The horrors in Reckless cover the same tabloid territory as John Guare’s Landscape of the Body. But Lucas, way out of his league, offers much less wit, vigor, and poetry, while his send-up of phony Christmas cheer–did you know “Santa” is an anagram for “Satan”?–has none of the bite of Alan Ayckbourn’s Season’s Greetings. The sick jokes in Reckless aren’t wild or clever enough to overcome their own rancid aftertaste. Relying on shock effects, which steadily diminish, Lucas’s black humor thuds from one mean-spirited, heavy-handed catastrophe to another, like a jumbo jet taxiing down the runway and never taking off. And Rachel, a very clumsy Candide, catches on so slowly we lose interest. Her one interesting moment comes when she speculates on whether a small evil can head off a greater.
Dennis McCullough’s well-targeted staging certainly gives Reckless every chance to prove its worth. Relentlessly the action lurches from one black Christmas to another. The nine actors, so many clay pigeons for Lucas to shoot down, hurl themselves recklessly into their assorted sorrows. With spunk to spare, Elaine Carlson gives her pointlessly suffering Rachel the right chirpy naivete; David Cameron’s Lloyd has a spiky fortitude sadder than words; and in a small tour de force, Jane Blass plays all five shrinks, who are wildly different, with protean zeal (the parody of primal-scream therapy is especially delicious).
But good work won’t save a bad play. Even if Lucas never meant to aim for Hawthorne’s restraint, he could at least have copied his concision. Compared to Lucas’s better work–Blue Window, or even the overly arch Three Postcards–Reckless is an unqualified mess, a poor choice for the Absolutes to have saddled themselves with.
As the second offering in its “shorties” series, given on nights the theater might otherwise have been dark, the Raven Theatre has revived one of Lanford Wilson’s earliest works, the 30-minute This Is the Rill Speaking. (The small-town atmosphere and poetic counterpoint technique of this 1965 work anticipate Rimers of Eldritch.)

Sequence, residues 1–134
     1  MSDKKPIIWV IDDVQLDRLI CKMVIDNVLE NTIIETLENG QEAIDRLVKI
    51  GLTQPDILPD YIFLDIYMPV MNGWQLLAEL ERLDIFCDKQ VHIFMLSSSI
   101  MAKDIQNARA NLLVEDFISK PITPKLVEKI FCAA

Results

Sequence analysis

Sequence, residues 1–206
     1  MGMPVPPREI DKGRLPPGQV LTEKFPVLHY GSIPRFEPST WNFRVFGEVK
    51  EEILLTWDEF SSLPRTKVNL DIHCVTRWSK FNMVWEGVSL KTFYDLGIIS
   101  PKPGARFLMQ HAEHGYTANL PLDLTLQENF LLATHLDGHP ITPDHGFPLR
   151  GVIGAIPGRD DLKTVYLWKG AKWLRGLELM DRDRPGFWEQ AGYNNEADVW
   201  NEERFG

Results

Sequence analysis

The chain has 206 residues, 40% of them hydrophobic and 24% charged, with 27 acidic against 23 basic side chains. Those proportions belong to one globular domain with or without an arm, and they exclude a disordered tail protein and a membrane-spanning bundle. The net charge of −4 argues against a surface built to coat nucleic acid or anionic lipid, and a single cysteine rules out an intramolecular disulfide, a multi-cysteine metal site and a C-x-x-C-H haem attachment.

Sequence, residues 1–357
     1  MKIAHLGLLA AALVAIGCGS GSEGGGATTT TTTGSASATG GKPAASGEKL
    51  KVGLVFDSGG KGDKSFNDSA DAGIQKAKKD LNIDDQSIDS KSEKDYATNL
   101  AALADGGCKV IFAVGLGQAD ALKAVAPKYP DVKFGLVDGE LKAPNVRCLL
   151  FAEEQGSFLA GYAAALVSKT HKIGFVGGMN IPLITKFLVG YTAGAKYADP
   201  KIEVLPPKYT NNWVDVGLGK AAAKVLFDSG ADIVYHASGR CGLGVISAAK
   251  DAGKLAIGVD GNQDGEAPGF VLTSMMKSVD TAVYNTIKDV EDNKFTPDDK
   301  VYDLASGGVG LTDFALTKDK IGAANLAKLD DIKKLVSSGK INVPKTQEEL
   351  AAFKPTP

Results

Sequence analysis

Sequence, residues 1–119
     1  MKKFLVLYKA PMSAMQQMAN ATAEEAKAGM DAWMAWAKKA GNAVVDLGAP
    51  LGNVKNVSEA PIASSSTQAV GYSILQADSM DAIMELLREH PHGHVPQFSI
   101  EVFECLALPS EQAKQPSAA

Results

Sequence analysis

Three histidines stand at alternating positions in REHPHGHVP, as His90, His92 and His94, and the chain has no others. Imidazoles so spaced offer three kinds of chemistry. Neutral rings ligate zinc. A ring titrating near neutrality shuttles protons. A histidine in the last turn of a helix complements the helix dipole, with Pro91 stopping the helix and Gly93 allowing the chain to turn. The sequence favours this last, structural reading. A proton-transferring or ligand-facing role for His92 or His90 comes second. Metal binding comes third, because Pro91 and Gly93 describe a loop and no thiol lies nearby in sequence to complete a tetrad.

Something of a combination of Dylan Thomas’s Under Milk Wood and Thornton Wilder’s Our Town, Wilson’s “play for voices in one act” is set in the Ozarks; in James Balcazar’s natural, fluid, and often musical staging, six actors play 15 roles. Only a few are hillbilly stereotypes; the rest are as full-blown as Wilson’s urban denizens in his play for city voices, Balm in Gilead.
The play uses a cinematic crosscutting technique. We get assorted village gossip from the perspiring women and hilariously dull farm talk from the men. A girl talks to her doll. A family picks through dinner. Two boys jerk off in the dark. A teen plays pool; another gets drunk fast and hard and his friends have to organize the usual cover-up. Two rural lovers, like Wilder’s George and Emily, go through the usual hesitation dance. Two farm women exuberantly decorate an imaginary house. Finally a boy–an Arkansas Lanford Wilson?–decides he’s going to write all this down–except he’ll have nature do the talking: “This is the rill speaking.” Rill ends with a communal “good night” that anticipates the Waltons by at least a decade.
The young Raven ensemble for the most part succeeds in impersonating the inhabitants of a country hamlet; particularly good work comes from Nance Zimmerman, as the girl in the midst of her first love and as a crotchety older woman, and Scott Swenson as the would-be writer. You could do worse than listen to the rill on Clark Street.